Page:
“Beyond reasonable doubt”? Why the High Court quashed Pell’s convictions

by | Apr 8, 2020 | General

On Tuesday 7 April 2020, the High Court unanimously acquitted George Pell of his convictions. However, the decision did not relate to if Pell committed the offences, and focussed on whether a decision made in the Court of Appeal was a miscarriage of justice. In other words, the High Court assessed the decision of the Court of Appeal because Pell applied for a formal review.

The high profile case is a landmark event in Australian history and showcases an individual’s right to appeal. Many have said that there’s not been a case of this notoriety since Lindy Chamberlain.


County Court of Victoria Pell v The Queen [2019] VCC 260

In 2018, Pell was convicted by a jury who found him guilty beyond reasonable doubt of child sex offences occurring in 1996 and 1997. This means that based on the evidence, they had no doubt that Pell was guilty. Beyond reasonable doubt has been the tried and true test to determine guilt for centuries.

Court of Appeal Pell v The Queen [2019] VSCA 186

In 2019, Pell appealed his conviction before the Court of Appeal where his lawyers argued that the jury verdict “could not be supported by the whole of the evidence”.  This was a very difficult concept to argue, and essentially Pell’s lawyers had to prove that the jury couldn’t have been satisfied beyond reasonable doubt that he was guilty and were therefore obliged to find him not guilty. The Court of Appeal assessed the evidence as a whole and considered whether it was “open to the jury” to enter a guilty verdict beyond reasonable doubt even where imperfect evidence was provided. The majority agreed that it was open to the jury, and as a result the Court dismissed the appeal.

High Court Pell v The Queen [2020] HCA 12

In September 2019, Pell applied to the High Court for “special leave to appeal” on the grounds there was a miscarriage of justice.  The matter climbed the ranks of the Court system and the High Court had to assess the majority decision of the Court of Appeal. This can only be done in exceptional circumstances where there is an issue of law in dispute, but demonstrates the right to appeal a decision which may have been an error of judgement.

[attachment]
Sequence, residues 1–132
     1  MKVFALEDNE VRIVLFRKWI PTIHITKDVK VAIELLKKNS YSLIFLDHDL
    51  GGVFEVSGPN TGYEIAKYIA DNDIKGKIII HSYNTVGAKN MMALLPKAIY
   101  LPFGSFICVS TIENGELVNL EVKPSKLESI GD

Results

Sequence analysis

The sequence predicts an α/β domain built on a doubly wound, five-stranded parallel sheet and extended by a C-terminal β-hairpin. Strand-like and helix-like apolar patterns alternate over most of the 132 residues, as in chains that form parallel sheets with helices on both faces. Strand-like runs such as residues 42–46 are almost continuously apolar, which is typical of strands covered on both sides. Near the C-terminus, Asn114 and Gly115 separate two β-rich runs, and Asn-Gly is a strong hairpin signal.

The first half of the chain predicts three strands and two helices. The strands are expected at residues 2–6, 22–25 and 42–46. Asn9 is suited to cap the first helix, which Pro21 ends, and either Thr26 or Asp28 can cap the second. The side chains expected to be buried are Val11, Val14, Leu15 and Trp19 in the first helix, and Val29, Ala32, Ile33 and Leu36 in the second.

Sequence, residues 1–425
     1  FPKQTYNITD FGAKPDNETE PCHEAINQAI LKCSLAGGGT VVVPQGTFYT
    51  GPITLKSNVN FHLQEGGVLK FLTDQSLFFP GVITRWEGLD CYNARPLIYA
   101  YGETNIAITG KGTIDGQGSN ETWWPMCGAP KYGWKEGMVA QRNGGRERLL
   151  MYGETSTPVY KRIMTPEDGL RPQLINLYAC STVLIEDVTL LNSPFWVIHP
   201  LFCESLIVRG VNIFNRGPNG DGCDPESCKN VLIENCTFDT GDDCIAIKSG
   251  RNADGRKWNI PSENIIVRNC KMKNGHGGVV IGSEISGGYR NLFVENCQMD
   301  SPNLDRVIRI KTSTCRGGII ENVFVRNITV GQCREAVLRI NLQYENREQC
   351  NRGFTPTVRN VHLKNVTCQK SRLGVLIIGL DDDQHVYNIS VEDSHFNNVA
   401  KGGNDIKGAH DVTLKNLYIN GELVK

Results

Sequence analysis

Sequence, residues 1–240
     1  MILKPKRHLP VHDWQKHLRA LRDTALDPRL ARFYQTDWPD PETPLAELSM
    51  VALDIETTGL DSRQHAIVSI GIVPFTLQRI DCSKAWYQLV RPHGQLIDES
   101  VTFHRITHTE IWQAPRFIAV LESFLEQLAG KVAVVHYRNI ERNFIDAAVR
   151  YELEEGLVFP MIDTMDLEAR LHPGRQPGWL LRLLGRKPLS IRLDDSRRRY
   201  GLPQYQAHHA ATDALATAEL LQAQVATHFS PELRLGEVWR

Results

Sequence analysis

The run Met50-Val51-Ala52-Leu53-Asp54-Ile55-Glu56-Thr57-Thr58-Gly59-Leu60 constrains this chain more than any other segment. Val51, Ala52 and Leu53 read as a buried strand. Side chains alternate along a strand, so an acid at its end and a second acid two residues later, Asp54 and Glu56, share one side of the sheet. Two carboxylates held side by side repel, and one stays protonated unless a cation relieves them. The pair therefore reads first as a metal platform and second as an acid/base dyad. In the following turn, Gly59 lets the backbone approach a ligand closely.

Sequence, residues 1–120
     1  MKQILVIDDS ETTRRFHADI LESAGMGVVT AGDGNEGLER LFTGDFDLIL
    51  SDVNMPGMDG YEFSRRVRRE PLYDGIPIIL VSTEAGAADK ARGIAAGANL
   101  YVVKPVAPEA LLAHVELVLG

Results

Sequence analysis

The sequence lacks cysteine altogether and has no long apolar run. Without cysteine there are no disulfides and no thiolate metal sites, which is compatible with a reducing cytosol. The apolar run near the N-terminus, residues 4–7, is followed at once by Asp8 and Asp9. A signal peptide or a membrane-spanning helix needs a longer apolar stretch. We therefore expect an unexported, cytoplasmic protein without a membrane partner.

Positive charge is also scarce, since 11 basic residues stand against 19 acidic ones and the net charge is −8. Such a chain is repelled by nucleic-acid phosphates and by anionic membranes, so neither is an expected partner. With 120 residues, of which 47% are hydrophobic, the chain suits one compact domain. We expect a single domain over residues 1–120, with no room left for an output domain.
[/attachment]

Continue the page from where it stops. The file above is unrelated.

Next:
High Court Decision

In March 2020, the application was heard by the High Court. Pell’s legal team argued there was sufficient doubt in the evidence, and that the Court of Appeal incorrectly found it was “open to the jury” to submit a verdict beyond reasonable doubt where they may have arguably had doubt.

The High Court held the Court of Appeal judges did not conduct a correct assessment of the evidence and failed to provide proper consideration as to the possibility the offences never took place. Furthermore, the Court of Appeal judges should have found there was enough doubt that, a jury acting rationally, ought to have had a doubt to Pell’s guilt.

The words cited in the cases Chidiac v The Queen (1991) 171 CLR 432, and M v The Queen (1994) 181 CLR 487 were relied on in the judgment, which held there was “a significant possibility that an innocent person has been convicted because the evidence did not establish guilt to the requisite standard of proof”.

 As a result, the Kiefel CJ, Bell, Gaegler, Keane, Nettle, Gordon and Edelman JJ of the High Courtordered that Pell’s convictions be quashed.

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